Flegr conducted another study in 2007 that examines broader human behaviors. This time, Flegr had his participants go through 16PF and Cloninger’s Temperament and Character Inventory (TCI) personality test. This research is more reliable than the previous study since it includes more diverse samples from not only the university departments but also military personnel and blood donors, making the result more widely applicable. For the results, infected men tended to be more violent and more likely to ignore rules. Infected women showed a higher superego, becoming more outgoing and warmhearted and having higher apprehension compared with their healthy counterparts. Latently infected individuals had significantly longer response times to approaching danger and more easily lost their attention, making them 2.65 times more likely to have a traffic accident either as the pedestrian or the driver (Flegr 2007). Just like in rodents, we see that T. gondii impairs motor performance in humans as well.
Symptoms in infected patients are not the only problems worth concerning; T. gondii is also capable of infecting the fetus of a pregnant mother. In an earlier 2005 study, Flegr et al. examined the health impacts of T. gondii on pregnant women, using 16-week pregnancy individuals and discarding high-antibody subjects due to insufficient infection period. They found that early infection decreases the body weight of pregnant women and slows or stunts fetus development. Ultrasonography tests at 16-weeks pregnancy may underestimate the severity T.gondii has on the weight of pregnant women.
Psychological illnesses, their relationship to T. gondii infection, and possibly effective treatment:
T.gondii infection and personality and behavior change can be further linked to symptoms of neurological disorders such as bipolar disorder and the aforementioned schizophrenia, as the infection could do damage to serotonin secretion and lead to such psychological illnesses. But how can we distinguish parasite-induced mental illnesses from regular psychological abnormalities? In order to find out the solution to this, scientists looked back at the rodents to find some possible treatments. Webster et al. (2006), for example, recycled their neophobic mice experiment setup for another study on whether three medications, HAL (an antipsychotic), VAL (a mood-stabilizer), and an anti-parasite medication called PD, would affect treated subjects. They tested all three treatments on both infected rats and non-infected rats separately (with non-treated infected and uninfected rats as control groups) to test their activity level, feline attraction, and alertness.
Figure 2: Drugs treating psychotic diseases of humans used on rodents show alleviation of infection, but adverse effects appear when these drugs are used to treat uninfected rodents, suggesting careful drug use and correct diagnosis before treatment.
The results showed that all three treatments significantly decreased the rats’ attraction to cat odor and decreased their likelihood of entering the cat area by almost 200% compared to the control groups. But the duration of their stay in the cat area decreased insignificantly. HAL and VAL treatments significantly reduced the time spent on exposure to cat smells and staying still in the cat area by 75% and 50% respectively, while HAL and PD significantly reduced the time spent on grooming by 60%. However, the medication used on uninfected rats made them more likely to enter the cat area and increased their duration of stays there, suggesting caution is necessary when assigning these medications to humans in order to avoid negative effects making the infection worse.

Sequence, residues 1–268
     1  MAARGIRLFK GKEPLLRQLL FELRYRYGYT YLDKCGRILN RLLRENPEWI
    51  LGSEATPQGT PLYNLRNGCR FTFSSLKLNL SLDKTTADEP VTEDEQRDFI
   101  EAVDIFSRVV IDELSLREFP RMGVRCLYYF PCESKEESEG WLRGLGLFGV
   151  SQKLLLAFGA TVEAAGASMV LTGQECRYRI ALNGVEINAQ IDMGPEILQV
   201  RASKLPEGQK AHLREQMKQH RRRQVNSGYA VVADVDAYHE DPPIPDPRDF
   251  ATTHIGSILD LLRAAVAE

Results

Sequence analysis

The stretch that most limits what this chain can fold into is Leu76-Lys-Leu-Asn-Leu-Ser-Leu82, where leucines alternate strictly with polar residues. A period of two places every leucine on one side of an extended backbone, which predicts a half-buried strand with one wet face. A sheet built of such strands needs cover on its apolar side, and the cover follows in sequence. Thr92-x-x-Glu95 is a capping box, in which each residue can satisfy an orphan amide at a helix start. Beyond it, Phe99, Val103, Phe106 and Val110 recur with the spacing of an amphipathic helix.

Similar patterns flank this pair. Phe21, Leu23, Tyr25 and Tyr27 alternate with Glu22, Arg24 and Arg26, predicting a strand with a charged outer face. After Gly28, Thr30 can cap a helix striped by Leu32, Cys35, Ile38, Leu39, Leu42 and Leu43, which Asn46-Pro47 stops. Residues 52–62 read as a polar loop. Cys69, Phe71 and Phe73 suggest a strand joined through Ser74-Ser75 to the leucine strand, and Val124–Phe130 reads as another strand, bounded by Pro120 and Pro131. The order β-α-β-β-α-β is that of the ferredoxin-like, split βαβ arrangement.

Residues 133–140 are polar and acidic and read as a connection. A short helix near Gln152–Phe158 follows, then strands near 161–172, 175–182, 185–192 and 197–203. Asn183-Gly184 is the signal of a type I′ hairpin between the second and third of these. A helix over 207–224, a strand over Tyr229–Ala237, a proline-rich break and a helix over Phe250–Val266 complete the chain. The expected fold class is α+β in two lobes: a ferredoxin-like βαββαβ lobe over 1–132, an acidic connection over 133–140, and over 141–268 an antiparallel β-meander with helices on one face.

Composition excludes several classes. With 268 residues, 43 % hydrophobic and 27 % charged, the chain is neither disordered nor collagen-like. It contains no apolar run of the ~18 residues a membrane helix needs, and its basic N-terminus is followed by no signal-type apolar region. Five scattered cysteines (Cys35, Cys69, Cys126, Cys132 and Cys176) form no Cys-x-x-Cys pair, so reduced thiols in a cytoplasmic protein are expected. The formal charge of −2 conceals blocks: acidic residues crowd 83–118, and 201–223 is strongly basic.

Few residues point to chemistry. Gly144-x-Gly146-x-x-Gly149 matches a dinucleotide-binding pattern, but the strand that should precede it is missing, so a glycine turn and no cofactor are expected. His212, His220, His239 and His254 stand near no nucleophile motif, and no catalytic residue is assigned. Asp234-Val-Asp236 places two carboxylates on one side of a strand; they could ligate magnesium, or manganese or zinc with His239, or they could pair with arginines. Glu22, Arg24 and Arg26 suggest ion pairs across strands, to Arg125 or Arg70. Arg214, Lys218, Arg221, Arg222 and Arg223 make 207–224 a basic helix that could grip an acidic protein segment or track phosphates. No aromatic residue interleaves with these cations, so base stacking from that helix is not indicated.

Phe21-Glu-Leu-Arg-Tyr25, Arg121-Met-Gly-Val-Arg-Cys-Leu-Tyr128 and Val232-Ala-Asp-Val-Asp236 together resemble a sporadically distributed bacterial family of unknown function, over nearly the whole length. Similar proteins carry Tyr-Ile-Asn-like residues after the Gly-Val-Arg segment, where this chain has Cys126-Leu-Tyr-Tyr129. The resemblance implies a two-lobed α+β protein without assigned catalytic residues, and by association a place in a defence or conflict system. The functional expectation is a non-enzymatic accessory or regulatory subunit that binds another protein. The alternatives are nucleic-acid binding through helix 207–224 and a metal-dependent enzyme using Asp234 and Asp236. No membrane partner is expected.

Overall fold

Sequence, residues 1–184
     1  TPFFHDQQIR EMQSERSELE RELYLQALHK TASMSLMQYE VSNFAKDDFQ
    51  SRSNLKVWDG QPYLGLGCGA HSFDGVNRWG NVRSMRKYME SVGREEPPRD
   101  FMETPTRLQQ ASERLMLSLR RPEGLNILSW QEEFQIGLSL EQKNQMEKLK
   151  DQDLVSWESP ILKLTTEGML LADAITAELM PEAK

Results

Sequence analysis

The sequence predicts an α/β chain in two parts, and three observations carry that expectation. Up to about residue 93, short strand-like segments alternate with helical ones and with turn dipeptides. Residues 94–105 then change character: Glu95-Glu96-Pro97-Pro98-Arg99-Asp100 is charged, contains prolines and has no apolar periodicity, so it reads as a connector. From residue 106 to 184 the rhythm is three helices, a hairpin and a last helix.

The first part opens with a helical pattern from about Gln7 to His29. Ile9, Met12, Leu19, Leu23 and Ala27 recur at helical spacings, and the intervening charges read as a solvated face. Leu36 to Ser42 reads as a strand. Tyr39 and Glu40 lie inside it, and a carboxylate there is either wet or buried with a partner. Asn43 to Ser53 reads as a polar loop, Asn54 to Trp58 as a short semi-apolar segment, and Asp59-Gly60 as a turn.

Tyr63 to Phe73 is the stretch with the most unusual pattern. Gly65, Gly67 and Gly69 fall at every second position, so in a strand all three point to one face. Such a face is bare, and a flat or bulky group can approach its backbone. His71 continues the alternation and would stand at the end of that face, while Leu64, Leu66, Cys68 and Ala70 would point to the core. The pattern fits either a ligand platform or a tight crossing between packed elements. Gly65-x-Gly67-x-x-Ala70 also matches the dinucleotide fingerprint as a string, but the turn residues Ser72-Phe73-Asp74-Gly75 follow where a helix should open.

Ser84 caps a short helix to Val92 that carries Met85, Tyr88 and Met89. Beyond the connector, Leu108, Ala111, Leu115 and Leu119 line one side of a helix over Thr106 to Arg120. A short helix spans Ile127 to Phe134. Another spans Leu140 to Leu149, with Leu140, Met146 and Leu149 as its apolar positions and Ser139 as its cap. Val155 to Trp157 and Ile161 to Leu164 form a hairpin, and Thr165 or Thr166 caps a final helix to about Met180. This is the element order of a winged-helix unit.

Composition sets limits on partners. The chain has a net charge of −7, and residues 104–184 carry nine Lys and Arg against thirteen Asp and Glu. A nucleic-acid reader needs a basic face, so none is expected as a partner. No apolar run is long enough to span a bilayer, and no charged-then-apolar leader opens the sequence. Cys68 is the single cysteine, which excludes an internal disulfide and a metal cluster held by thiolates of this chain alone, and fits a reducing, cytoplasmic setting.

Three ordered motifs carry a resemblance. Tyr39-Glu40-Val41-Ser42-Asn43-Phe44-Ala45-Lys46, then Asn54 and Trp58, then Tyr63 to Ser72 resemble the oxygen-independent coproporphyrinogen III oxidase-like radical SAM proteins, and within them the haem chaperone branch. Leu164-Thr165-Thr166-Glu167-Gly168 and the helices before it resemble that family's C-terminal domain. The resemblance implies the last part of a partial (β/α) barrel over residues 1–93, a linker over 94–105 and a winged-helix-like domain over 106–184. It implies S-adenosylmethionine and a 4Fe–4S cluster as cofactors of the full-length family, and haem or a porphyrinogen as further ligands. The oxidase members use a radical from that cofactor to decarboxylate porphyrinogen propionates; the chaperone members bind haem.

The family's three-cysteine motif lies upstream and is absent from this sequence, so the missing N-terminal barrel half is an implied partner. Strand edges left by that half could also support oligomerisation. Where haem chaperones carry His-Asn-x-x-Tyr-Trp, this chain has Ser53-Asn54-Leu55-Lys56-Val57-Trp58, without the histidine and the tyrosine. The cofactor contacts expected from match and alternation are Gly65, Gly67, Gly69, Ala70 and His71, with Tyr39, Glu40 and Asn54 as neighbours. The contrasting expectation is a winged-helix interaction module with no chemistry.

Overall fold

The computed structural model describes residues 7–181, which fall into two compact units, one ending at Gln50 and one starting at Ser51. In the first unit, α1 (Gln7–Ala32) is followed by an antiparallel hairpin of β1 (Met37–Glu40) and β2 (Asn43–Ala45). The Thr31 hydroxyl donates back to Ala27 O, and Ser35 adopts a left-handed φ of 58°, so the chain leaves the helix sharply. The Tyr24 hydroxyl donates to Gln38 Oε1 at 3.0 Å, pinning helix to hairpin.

Finally, the main focus of medication should be aimed at the treatment of T. gondii infection in humans. Jones et al. (2003) tried to explore how antipsychotics and mood stabilizers would contribute to the inhibition of T.gondii infection as multiple antipsychotic medications have been found to have a certain level of antiprotozoal activity in patients.
They tested the effect of 8 antipsychotics and 4 mood stabilizers on both parasite and host cells. Each medication was ranked using a therapeutic index (TI)—the higher the value, the safer and better the drug. For example, the 12.1 TI value for trimethoprim, a commonly used drug for the treatment of T.gondii in humans, is similar to the 13.9 TI value of valproic acid. When these two drugs were tested together on their effect against T. gondii, the TI reached 39.5, while the concentration of trimethoprim and valproic acid alone in this treatment were much lower than the prescription level one patient would receive from their doctor , suggesting significant synergistic effects. The findings also show that the normal treatment of valproic acid for schizophrenic and bipolar patients is way above the tested threshold that the medication would be effective in inhibiting T.gondii infection (Jones-Brando 2003). However, as Webster (2006) observed uninfected mice developing infected-like behavior under treatment, antipsychotics and mood stabilizers should nevertheless be prescribed with great caution.
The protozoan parasite Toxoplasma gondii was found around 100 years ago. Although we have reliable evidence on how the parasite infects a host and the possible consequences for different hosts including rodents and humans, there are still lots of unknown aspects of this parasite such as personality manipulation (Webster, 2007). As human development over the past hundreds years was profoundly significant, determining when the parasite gained the ability to infect humans is also an important component of unlocking this protozoan’s learning mechanism to help tackle worldwide infections.